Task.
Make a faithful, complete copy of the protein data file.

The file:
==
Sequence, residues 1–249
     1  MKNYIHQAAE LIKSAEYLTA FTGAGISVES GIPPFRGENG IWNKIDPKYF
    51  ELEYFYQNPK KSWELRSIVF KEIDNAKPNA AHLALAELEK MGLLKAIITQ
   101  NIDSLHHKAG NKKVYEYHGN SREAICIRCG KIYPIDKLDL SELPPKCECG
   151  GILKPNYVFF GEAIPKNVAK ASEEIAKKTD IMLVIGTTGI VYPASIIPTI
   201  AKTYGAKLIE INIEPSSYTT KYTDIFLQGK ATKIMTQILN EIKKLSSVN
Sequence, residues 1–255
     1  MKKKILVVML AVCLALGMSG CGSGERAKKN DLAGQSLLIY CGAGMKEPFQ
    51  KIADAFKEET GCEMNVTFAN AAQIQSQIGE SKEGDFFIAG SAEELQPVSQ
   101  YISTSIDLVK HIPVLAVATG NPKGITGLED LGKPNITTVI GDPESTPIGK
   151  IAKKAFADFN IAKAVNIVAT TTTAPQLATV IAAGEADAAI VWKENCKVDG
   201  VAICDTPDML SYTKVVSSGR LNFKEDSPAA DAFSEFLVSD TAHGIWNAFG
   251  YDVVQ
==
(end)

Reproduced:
Sequence, residues 1–249
     1  MKNYIHQAAE LIKSAEYLTA FTGAGISVES GIPPFRGENG IWNKIDPKYF
    51  ELEYFYQNPK KSWELRSIVF KEIDNAKPNA AHLALAELEK MGLLKAIITQ
   101  NIDSLHHKAG NKKVYEYHGN SREAICIRCG KIYPIDKLDL SELPPKCECG
   151  GILKPNYVFF GEAIPKNVAK ASEEIAKKTD IMLVIGTTGI VYPASIIPTI
   201  AKTYGAKLIE INIEPSSYTT KYTDIFLQGK ATKIMTQILN EIKKLSSVN
Sequence, residues 1–255
     1  MKKKILVVML AVCLALGMSG CGSGERAKKN DLAGQSLLIY CGAGMKEPFQ
    51  KIADAFKEET GCEMNVTFAN AAQIQSQIGE SKEGDFFIAG SAEELQPVSQ
   101  YISTSIDLVK HIPVLAVATG NPKGITGLED LGKPNITTVI GDPESTPIGK
   151  IAKKAFADFN IAKAVNIVAT TTTAPQLATV IAAGEADAAI VWKENCKVDG
   201  VAICDTPDML SYTKVVSSGR LNFKEDSPAA DAFSEFLVSD TAHGIWNAFG
   251  YDVVQ